The three ceramic tilers, Michael Whateley, 28, his brother Robert Whateley, and Paul Keen were waiting in their car for the building site to be unlocked in Broughton Road in Banbury.
Plant operator Keith Payne was carrying out routine checks to a telehandler near the car on the January morning two years ago.
Payne climbed into the cab of the truck to lift and extend the unloaded boom. However, the truck tipped over and the forks at the end of the boom landed on the car, crushing the roof of the vehicle.
Michael Whateley died from his injuries. Robert Whateley suffered fractures to his spine, and a brain injury. Paul Keen suffered neck and spinal injuries, a broken ankle, broken ribs and a fractured breastbone.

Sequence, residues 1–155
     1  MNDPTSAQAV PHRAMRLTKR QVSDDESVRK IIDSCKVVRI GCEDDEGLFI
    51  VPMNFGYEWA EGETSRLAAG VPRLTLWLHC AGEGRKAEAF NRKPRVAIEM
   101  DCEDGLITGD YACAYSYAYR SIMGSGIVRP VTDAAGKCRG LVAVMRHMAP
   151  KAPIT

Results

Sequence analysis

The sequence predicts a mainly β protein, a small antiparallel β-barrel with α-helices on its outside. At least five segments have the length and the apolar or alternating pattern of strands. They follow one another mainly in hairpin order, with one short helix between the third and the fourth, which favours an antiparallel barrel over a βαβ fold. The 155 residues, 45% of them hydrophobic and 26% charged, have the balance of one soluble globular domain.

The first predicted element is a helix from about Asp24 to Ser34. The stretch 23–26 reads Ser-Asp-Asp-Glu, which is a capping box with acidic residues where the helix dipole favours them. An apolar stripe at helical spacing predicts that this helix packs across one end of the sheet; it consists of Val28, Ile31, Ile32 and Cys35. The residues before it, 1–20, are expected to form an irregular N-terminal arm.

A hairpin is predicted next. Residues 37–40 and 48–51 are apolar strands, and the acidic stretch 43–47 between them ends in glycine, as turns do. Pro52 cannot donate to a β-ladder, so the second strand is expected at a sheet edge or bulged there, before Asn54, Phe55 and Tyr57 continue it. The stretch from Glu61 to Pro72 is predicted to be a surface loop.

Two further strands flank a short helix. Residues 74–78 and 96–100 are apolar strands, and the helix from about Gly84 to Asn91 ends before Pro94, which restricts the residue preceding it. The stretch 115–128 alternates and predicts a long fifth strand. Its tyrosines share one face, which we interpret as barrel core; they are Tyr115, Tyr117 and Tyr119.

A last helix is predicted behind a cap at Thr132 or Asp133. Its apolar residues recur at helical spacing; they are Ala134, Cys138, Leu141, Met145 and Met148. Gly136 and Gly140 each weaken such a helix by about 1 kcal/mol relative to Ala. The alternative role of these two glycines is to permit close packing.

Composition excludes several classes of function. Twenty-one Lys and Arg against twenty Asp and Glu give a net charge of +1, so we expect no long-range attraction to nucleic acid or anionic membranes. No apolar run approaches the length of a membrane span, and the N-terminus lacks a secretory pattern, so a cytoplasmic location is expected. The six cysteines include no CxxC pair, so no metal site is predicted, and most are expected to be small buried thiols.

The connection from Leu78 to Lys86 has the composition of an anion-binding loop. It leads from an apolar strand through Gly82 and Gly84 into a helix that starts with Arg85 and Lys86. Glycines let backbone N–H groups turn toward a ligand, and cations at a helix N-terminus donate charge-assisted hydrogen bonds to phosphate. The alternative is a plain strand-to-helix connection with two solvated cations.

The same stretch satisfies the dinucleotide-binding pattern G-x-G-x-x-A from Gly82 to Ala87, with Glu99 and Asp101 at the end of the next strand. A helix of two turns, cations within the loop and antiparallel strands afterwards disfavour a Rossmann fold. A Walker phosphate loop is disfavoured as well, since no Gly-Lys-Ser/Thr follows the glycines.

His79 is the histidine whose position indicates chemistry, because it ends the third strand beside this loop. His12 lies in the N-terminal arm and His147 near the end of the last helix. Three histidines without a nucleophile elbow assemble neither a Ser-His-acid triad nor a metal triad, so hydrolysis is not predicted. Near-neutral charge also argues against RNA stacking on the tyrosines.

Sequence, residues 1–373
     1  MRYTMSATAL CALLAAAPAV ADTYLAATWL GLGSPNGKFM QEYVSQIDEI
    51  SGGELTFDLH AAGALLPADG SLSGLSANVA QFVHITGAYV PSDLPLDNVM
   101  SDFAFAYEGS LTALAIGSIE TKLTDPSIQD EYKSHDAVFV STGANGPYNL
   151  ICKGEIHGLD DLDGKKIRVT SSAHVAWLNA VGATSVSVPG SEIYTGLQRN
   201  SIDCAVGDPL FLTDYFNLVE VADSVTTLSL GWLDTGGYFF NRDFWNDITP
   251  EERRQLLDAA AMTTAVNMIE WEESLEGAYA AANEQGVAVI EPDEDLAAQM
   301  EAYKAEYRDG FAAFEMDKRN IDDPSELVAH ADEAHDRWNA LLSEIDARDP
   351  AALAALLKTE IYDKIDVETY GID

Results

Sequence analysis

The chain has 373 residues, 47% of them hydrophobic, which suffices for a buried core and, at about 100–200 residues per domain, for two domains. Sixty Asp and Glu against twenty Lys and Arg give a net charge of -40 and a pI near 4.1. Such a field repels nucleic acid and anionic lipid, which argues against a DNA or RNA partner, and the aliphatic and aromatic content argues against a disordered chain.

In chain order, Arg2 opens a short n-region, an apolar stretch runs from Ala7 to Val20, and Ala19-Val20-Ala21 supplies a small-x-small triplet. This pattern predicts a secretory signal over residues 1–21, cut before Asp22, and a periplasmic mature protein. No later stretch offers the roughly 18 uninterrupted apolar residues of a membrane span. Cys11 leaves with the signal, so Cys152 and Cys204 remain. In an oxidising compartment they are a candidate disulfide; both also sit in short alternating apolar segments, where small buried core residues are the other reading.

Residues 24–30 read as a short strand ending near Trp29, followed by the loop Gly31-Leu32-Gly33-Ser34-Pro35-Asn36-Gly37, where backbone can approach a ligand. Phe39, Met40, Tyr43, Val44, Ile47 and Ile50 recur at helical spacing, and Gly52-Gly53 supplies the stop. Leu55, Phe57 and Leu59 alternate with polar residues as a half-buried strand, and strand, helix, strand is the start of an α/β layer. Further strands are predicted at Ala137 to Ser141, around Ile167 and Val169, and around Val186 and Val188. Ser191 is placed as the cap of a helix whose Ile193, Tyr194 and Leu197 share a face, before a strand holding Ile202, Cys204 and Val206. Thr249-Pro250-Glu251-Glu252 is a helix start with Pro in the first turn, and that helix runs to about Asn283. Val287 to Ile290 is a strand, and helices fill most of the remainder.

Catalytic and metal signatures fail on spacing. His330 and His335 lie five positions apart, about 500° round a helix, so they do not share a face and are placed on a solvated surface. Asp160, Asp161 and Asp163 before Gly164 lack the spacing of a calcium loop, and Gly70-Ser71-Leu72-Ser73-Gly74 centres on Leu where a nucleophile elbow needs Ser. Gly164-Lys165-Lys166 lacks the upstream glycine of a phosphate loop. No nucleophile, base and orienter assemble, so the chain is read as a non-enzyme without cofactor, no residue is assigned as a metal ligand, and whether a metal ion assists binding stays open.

The Health and Safety Executive said the incident would have been preventable if Payne had operated the machinery on level ground.
Instead, he extended the boom of the machine to its limits while it was not suitably positioned.
House builder Linden was also £7,500 and ordered to pay costs of £25,000 for failing to ensure the equipment was maintained properly and tyre pressures were found to be lower than recommended.
Following the hearing, HSE Inspector James Powell said: “This was a horrific accident that was totally avoidable.
“Construction sites have inherent risks, and even rough-terrain lift trucks have strict operational limits that need to be observed. With competent operation and suitable maintenance, tragedies like this should not happen.
“Lives have been destroyed here and today’s sentencing must serve to remind all employers and employees of their duties and responsibilities while using this type of machinery.”